Selenis there is demonstrating a two-handed (recommended for use against the Burr-ly man) wristlock of the type known as "kote gaeshi" (or just "kotegaeshi") in Japanese; according to Wikipedia, it is a supinating wristlock, which is a big word. Here is an aikido fellow from Wikipedia demonstrating one way they do it in that martial art:
(There's also a decent demonstration in Japanese, if that's your preference.)
Wristlocks are awfully tricky to draw, what with the strange twists and all those fingers. After I'd gotten through it I realized my wrist hurt a little, and I thought oh no, the arms on my new chair must be the wrong height and I'm getting carpal tunnel with the drawing tablet! But then I remembered that I'd also been demonstrating the wristlock on myself for a good half hour or so, in between drawing it upside-down--and it's been well over a decade since I did the proper wrist-strengthening exercises on a regular basis. Well, nobody said art was gonna be easy, I guess.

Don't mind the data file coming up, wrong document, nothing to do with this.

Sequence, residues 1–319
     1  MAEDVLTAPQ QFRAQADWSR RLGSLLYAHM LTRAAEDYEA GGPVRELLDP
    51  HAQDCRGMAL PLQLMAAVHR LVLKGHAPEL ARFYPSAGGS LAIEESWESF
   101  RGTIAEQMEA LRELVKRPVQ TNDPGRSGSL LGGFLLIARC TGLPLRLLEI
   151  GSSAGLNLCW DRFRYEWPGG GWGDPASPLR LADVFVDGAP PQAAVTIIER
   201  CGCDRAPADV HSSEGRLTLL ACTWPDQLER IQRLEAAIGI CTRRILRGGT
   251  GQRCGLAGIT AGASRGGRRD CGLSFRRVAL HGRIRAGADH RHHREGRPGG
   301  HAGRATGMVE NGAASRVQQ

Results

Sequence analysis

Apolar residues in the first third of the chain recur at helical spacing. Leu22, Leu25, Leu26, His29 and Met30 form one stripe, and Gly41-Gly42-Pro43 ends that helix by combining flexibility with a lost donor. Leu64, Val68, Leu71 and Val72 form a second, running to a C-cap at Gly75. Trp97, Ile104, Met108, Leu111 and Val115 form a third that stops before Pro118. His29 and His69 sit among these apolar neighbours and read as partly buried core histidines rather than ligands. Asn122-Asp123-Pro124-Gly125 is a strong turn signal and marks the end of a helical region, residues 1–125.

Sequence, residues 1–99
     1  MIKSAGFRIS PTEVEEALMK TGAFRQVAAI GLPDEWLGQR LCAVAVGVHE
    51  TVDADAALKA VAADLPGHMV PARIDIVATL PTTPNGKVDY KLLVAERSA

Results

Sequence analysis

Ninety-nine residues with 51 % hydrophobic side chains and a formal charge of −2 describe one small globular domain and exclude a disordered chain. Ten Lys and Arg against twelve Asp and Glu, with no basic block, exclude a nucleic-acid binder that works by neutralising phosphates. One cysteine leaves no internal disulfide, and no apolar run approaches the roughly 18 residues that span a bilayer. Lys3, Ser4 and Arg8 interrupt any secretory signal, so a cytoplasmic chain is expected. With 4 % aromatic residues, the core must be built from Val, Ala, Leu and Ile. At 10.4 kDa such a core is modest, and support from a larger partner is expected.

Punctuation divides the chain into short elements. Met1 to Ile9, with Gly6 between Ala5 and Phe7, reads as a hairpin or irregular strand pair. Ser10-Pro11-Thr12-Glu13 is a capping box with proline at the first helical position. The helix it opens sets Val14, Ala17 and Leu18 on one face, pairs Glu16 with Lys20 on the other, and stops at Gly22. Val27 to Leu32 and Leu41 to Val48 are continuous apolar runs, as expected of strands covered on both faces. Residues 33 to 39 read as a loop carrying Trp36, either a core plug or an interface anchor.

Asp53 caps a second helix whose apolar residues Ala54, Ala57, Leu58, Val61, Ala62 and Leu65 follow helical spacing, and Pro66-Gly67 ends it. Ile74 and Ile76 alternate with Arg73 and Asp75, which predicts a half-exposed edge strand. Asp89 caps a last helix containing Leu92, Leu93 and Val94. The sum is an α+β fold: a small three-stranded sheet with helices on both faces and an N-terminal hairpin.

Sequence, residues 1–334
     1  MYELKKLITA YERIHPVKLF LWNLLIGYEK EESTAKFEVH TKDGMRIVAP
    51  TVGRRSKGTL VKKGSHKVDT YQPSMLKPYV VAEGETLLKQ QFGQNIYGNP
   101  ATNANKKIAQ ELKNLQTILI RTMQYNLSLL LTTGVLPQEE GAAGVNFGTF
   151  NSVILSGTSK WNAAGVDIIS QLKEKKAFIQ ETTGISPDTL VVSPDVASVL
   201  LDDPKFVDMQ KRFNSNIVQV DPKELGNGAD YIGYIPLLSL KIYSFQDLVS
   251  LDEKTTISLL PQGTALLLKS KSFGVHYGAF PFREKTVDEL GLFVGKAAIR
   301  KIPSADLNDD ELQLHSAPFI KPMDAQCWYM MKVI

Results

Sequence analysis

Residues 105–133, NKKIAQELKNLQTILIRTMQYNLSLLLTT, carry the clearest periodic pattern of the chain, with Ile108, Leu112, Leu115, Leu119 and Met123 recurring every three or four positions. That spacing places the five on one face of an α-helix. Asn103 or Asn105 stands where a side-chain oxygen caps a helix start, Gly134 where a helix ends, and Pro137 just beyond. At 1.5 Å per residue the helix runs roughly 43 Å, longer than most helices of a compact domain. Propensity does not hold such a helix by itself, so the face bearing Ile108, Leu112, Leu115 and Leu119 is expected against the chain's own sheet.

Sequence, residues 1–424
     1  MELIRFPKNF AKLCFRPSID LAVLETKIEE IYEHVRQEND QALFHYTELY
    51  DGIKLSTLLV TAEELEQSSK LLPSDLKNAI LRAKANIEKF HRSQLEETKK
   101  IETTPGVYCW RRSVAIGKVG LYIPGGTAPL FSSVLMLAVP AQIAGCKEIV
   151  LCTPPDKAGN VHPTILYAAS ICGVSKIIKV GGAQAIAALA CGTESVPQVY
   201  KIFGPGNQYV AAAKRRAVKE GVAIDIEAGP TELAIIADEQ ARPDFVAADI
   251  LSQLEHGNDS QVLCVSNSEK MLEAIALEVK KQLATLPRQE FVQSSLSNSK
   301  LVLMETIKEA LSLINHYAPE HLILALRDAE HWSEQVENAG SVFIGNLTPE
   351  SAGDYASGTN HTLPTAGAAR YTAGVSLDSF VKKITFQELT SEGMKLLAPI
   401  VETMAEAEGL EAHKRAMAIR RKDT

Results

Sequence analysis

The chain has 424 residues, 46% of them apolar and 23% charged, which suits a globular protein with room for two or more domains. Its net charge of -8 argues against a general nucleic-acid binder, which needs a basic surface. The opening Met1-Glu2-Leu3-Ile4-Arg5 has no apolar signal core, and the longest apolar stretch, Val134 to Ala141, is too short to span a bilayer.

Kote gaeshi--and indeed most of the wrist techniques in Aikido--produces quite a reaction when applied to someone who hasn't experienced one before--a reaction that seems to be expressing the certainty that the world is about to end, and specifically in the locality of the victim's wrist. I always thought this extremely surprised reaction was interesting, because, well, how does anyone *think* it's going to feel to have their wrist twisted halfway around? But people seem quite surprised that it's uncomfortable, and then they usually go and make it worse by flopping around desperately. Not the thing to do when you've been put in a wristlock! Burr, at least, has not done that part. ... That would've been harder to draw, anyway. :P
Hm that guy laying on the wristlock in that photo up above looks kinda Burr-like. And Buddha-like. Maybe I should've given Burr a beard.